The Wildcat

The Wildcat ★★★★½

Lubitsch In Berlin - Part 6:
Suffice to say this is perhaps my favourite of the boxset. And it is probably Lubitsch's most acclaimed of the early era.

It is a daringly and outlandishly funny, with lots of absurdist moments and it is the epitome of irreverent yet heartfelt humour. It is a poke at military life, but does it in a way that it is heartwarming. The thieves, the soldiers and everyone else does silly and flawed things in a human touch, which Lubitsch does very well.

The acting is great, the lieutenant and the seductive yet charmingly girly thief king's daughter (played by one of my all time favourite actresses and femme fatales, Pola Negri) are definite highlights here.

The expressionist style is atmospheric and works for its surreal yet sophisticated humour. It especially works for its cold snowy setting. Whilst expressionism is usually aimed towards the darkness of human psyche (particularly from people who served in the military, which is a strange coincidence), it also fits for comedic absurdity too, as I mentioned previously in Die Puppe (1919).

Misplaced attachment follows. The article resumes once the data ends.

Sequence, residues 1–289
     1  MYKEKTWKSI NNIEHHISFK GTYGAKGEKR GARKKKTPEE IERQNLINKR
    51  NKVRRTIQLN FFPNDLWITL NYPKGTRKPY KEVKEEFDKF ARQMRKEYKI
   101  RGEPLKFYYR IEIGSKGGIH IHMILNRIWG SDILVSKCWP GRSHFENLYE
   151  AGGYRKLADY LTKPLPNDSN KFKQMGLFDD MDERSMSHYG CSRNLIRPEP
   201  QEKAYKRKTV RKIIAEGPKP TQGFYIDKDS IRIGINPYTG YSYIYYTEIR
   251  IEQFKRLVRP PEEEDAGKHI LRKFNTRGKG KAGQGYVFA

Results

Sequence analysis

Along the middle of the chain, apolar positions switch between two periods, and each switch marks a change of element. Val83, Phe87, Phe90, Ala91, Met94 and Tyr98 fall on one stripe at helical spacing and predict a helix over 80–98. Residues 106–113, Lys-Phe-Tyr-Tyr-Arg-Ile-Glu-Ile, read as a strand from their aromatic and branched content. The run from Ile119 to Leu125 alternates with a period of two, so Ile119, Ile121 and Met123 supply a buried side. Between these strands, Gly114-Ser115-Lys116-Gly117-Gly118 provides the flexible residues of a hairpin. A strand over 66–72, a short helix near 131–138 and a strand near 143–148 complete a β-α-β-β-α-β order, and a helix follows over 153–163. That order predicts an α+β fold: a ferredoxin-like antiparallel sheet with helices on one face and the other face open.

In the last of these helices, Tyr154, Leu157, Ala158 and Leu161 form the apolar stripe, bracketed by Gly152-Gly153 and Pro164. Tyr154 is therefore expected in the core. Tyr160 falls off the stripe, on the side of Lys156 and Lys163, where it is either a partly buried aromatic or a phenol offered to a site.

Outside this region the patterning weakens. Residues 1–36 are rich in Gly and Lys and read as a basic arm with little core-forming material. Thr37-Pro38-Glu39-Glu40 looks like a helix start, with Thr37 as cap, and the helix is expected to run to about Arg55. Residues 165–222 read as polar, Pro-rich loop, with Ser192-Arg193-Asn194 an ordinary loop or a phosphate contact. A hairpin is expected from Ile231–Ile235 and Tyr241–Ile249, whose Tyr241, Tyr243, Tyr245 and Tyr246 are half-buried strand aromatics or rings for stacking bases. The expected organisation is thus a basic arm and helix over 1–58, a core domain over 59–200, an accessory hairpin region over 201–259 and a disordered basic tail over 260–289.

Overall I saved the best for last, and it is a silent classic in its own right, not iust for Lubitsch but for German cinema. It does come to mind how easily forgotten Lubitsch's early work is, and it's a shame since his touch and sophisticated craft is quite prevalent there too. And this is probably the finest example of such, hope you enjoyed it as I did.

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